As the curtains rise in the movie A Star is Born, Jackson Maine, a Country and Western hero, is singing at a sold-out concert before adoring fans. He’s rich, famous, and good looking. But it soon becomes clear that Jackson is also fighting demons.
Jackson is the child of an abusive and alcoholic father. Jackson tried to escape his father at age 13, unsuccessfully, by suicide. Now Jackson needs drugs to get through concerts. He finishes off a bottle of Jack Daniels as soon as the show is over. He physically fights with his brother. He has tinnitus, which means he can’t hear what he’s singing. He wets himself on stage at the Grammys. He fails at rehab. Jackson is a good man who is joined to the hip with tragedy.
In any case, after the opening concert scene, Jackson stumbles into a bar where Ally works as a singer. She is not living the dream. She’s a down-on-her-luck wannabe-star who slings garbage at work and covers songs at a seedy bar, nights.
|Lady Gaga and Bradley Cooper sing "Shallow."|
For Jackson, Ally is love at first sight. They spend the night discussing song writing. And ultimately, Jackson invites Ally to sing her own song, “Shallow,” at one of his shows. Listen to it on YouTube.
For the rest of the movie, Ally’s star rises as Jackson’s falls. They fall in love, get married, but don’t live happily ever after. Why not?
The lyrics to “Shallow,” get at some of their big issues. Ally wrote most of the song about Jackson on the night they first met. Ally has figured out that Jackson is in trouble, that he’s longing for change, afraid of himself in the bad times, trying to fill a void—the shallows.
Jackson, for all of his success and fame, needs more. He is trying to keep up a hardcore image but failing. He’s wading in the shallow end of the pool of life, not the deep end, where real adults swim.
Shallow isn’t what Jackson wants. He’s is a good guy, after all. He is kind. He makes friends. He can make a deep, loving connection with Ally—when he’s sober, at least.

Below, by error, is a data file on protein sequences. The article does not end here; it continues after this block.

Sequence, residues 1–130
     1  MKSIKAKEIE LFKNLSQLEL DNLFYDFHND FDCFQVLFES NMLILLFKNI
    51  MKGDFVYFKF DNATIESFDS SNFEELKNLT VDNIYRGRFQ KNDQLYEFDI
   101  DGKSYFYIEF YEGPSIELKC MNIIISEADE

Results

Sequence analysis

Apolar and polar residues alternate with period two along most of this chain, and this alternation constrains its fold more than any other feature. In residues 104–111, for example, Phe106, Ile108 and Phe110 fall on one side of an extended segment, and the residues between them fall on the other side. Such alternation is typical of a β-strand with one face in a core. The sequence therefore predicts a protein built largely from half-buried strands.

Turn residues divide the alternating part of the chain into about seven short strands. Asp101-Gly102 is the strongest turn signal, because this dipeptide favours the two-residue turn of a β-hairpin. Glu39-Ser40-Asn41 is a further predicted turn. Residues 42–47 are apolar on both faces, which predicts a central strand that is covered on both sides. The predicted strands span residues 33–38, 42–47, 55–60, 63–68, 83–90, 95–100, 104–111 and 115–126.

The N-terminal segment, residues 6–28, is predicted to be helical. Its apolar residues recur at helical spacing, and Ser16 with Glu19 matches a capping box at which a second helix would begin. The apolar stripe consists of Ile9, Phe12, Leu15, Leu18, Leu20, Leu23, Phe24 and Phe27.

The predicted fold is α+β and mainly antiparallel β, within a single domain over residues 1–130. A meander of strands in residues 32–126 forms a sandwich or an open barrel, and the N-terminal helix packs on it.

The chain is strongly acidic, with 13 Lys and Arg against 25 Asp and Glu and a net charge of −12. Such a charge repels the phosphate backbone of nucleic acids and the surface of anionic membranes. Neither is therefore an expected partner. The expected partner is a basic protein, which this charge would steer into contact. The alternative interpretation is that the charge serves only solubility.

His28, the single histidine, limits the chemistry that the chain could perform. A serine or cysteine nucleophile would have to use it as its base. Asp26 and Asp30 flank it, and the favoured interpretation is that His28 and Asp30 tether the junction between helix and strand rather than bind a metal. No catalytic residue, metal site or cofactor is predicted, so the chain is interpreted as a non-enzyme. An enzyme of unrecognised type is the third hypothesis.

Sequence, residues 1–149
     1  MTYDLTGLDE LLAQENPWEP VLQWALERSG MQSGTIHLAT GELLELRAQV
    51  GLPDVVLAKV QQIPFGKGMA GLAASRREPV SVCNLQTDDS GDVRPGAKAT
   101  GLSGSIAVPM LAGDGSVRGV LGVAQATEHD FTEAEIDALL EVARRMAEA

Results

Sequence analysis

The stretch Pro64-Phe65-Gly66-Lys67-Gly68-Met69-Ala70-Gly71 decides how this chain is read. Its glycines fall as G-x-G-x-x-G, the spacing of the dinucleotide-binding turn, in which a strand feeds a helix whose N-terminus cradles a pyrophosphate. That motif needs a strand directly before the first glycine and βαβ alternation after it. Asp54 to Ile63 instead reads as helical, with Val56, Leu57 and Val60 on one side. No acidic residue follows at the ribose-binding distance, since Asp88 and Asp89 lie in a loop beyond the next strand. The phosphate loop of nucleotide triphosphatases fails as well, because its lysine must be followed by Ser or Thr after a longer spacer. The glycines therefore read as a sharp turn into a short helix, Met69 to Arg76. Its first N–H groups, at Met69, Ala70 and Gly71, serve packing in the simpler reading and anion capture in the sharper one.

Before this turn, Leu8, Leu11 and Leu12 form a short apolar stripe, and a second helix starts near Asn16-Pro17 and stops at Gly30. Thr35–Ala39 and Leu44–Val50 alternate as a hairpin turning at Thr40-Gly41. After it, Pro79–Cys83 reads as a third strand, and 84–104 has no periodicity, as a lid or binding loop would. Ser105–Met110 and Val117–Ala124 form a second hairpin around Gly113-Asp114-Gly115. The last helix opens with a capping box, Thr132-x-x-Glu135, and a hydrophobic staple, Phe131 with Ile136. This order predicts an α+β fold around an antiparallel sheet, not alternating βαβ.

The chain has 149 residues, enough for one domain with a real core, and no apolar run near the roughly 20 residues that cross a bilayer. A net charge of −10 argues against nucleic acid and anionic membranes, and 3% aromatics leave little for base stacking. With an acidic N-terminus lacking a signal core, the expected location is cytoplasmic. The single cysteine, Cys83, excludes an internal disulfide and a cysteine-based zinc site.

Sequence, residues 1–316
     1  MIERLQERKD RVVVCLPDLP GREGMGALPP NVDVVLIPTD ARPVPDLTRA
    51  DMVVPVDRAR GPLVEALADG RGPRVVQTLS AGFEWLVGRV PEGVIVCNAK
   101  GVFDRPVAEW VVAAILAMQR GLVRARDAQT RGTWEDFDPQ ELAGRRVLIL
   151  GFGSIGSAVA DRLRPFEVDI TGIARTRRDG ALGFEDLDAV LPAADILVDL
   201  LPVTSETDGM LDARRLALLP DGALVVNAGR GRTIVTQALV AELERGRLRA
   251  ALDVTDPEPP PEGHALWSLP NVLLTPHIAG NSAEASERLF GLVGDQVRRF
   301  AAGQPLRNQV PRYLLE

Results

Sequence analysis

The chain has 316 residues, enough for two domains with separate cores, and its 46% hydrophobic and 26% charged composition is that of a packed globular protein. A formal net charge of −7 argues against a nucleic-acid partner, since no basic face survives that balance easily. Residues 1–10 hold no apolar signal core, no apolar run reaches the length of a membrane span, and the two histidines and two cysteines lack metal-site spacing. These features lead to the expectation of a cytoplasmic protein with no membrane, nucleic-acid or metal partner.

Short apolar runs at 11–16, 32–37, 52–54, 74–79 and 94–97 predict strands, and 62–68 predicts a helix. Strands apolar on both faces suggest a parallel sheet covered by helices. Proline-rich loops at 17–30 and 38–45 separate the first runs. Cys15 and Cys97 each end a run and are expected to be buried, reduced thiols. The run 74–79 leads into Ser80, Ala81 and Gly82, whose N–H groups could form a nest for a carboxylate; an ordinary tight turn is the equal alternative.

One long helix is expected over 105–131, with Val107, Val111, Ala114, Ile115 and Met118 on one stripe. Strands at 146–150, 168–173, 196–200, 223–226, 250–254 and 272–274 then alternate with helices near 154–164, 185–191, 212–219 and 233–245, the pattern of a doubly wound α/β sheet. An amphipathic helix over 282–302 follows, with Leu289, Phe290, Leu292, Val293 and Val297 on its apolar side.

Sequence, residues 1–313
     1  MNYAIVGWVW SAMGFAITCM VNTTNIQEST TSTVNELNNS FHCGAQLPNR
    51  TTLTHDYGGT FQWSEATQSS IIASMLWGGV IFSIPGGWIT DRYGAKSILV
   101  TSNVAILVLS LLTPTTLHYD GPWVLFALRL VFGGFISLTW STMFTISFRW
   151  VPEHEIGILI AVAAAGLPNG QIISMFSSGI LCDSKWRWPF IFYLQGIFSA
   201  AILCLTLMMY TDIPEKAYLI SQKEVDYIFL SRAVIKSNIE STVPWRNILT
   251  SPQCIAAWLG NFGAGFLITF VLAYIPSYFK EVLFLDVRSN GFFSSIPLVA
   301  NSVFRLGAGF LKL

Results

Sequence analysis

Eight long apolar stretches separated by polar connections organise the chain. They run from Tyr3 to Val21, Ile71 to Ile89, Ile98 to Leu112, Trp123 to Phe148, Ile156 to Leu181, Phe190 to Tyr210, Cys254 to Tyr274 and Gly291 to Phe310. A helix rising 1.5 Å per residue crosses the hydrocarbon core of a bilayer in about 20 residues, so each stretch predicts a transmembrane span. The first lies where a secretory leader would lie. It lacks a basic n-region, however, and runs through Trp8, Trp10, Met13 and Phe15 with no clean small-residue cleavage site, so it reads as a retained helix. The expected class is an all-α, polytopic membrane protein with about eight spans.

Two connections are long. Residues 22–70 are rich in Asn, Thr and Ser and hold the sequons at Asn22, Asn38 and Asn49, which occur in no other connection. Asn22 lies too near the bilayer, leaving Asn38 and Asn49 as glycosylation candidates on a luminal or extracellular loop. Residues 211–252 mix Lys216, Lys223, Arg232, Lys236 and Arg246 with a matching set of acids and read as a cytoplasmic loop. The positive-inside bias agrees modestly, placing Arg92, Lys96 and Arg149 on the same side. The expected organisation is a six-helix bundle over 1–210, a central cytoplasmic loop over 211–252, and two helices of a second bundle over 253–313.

Shallow isn’t what Jackson wants. He says, “Talent is everywhere but having something to say that is a whole other bag . . . there is one reason we’re supposed to be here, and it is to say something so people want to hear it.”
Shallow isn’t what Jackson wants. For example, Ally tells Jackson she’s a failure because the music industry tells me my nose is too big and she will never make it. But Jackson goes for the deep, he sees the real beauty in Ally—her authenticity, her artistry, her soul, and he nurtures all that.
Shallow isn’t what most of us want, either.
But shallow is where a lot of us—myself included—go too often.
Shallow. Shallow is the inability to align your life with what ultimately matters. It’s a kind of preoccupation with the next step, the next paycheck or promotion, the current distraction, so that you absent-mindedly never actually focus on the big picture or the meaning of life.
Shallow. It looks like choosing a career not on the basis of your great gift or driving passion, but choosing it pragmatically, for the sake of big bucks or success asForbesor RollingStonemeasures such things.
Shallow. It looks like adopting political opinions from parents or coworkers, well, because that’s what you heard, but not taking the time to think deeply about such opinions in light of what religious leaders, or philosophers, or scientists, or cultural critics are saying about the deep.
Shallow. How many Canadians don’t choose their churches, or synagogues, or temples out of custom and superstition, for tribal or ethnic reasons, without ever giving the matter serious thought? And how many Christians hardly understand or even know the basic Biblical stories anymore? Because, you see, faith offers consolation and hope in direct proportion to how much we invest in faith. Deep, says the Psalmist, calls to deep.
Shallow can be as simple as the latest gadget we just had to purchase for the endorphin-fueled thrill of hitting the “buy” button on Amazon; the same gadget that Marie Kondo will tell us how to get rid of to declutter.